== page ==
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Film / Pandora's Box

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Pandora's Box (Die Büchse der Pandora) is a 1929 German silent film, directed by G.W. Pabst and starring Louise Brooks.

The film centers around Lulu, a sexually uninhibited young woman in Berlin. Lulu is the mistress of newspaper publisher Dr. Ludwig Schön. Dr. Schön comes to tell her that they must break off their affair because he has gotten engaged to Charlotte von Zarnikow, the Minister of the Interior's daughter. Lulu refuses to accept this, but when Dr. Schön meets Schigolch, an unsavory old man who appears to be her old pimp, he stalks out of her apartment.

Meanwhile Lulu has made friends with Dr. Schön's son Alwa, and Alwa's friend Countess Augusta Geschwitz, both of whom clearly have feelings for Lulu. Lulu is hired as a dancer in the musical show that Alwa is staging, but when Dr. Schön arrives with his fiancee, she refuses to dance. Dr. Schön tries to force her to perform, they kiss, and Charlotte sees them kissing. Lulu, triumphant, winds up marrying Dr. Schön herself—but things do not turn out well.

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G.W. Pabst had tried to borrow Brooks from Paramount, where she was under contract, but the studio had refused. Eventually Brooks broke her contract and went to Europe to make the movie. It briefly made her a star, and Pabst followed up with another film starring Brooks, Diary of a Lost Girl. However, she was blackballed in Hollywood and her career tanked in The '30s. Pandora's Box is remembered today as one of the last great silent movies, with an attitude towards sexuality that was decades ahead of its time. It's one of the oldest movies listed in Danny Peary's book "Cult Movies"

John Zorn, George Lewis and Bill Frisell released two albums, News for Lulu (1988) and More News for Lulu (1992), which featured Lulu from the film on the album cover.


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Tropes:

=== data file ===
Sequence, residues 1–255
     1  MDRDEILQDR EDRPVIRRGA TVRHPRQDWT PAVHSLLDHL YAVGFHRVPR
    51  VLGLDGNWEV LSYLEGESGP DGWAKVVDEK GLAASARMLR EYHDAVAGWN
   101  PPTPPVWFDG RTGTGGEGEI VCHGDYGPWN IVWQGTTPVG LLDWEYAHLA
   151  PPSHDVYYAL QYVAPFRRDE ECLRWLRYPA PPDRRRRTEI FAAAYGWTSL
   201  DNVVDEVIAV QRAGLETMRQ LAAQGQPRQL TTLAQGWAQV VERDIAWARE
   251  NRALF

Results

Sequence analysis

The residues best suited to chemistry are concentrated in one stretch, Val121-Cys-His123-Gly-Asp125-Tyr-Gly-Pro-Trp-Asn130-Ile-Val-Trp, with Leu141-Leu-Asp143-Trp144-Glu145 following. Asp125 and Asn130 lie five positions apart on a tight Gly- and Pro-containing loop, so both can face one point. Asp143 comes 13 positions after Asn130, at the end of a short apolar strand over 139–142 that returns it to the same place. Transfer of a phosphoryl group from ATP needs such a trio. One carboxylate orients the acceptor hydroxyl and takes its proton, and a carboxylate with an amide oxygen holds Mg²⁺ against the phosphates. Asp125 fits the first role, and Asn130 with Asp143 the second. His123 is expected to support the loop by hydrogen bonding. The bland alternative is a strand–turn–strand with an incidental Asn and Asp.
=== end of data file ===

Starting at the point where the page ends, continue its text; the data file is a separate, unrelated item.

• Blood from the Mouth: Dr. Schön, after he's shot with his own gun.
  • Diabolus ex Machina: Meeting Jack the Ripper on the streets of London qualifies.
  • Even the Girls Want Her: The Countess is clearly in love with Lulu. This was a very early (probably the first) depiction of lesbianism in film.
  • A Foggy Day in London Town: The story ends with Lulu meeting Jack the Ripper on the Ominous Fog-bound streets of London. On Christmas Eve, no less.
  • Fixing the Game: Alwa is getting cleaned out at the gambling table, so Schigolch gives him some cards to put up his sleeve. It works—until Alwa's caught.
  • The Flapper: Lulu, with her short bob haircut, slinky dresses, and open sexuality, is a Trope Maker.
  • Foreshadowing: Dr. Schön resigns himself to marrying Lulu, saying "It will be the death of me!" It is.
  • Gun Struggle: This happens after Dr. Schön snaps and demands Lulu kill herself.
  • High-Class Glass: Dr. Schön sports one of these.
  • Hope Spot: The Ripper is so enchanted by Lulu that he drops his knife. But as she nuzzles up against him in her little trick pad, he sees another knife on the table. So he kills her.
  • Ominous Fog: Lulu meets Jack the Ripper on a foggy London evening.
  • Really Gets Around: Lulu likes to sleep around, and she doesn't feel bad about it.
  • Sexy Backless Outfit: Lulu wears one for the stage show.
  • Streetwalker: Lulu's fate after she, Alwa, and Schigolch have been reduced to poverty in a dirty London garret.
  • Title Drop: The prosecutor in her trial says that Lulu is like Pandora, luring men with her beauty but bringing evil.
  • Translation Convention: A poster, on the streets of London, in German.
  • The Un-Reveal: Just what is Schigolch's relationship with Lulu? Her father? (She claims this in one scene.) Her pimp? Both?
  • The Vamp: Lulu uses her sexuality to manipulate Dr. Schön, Alwa, and even the Countess, whom she strongarms into seducing a man.
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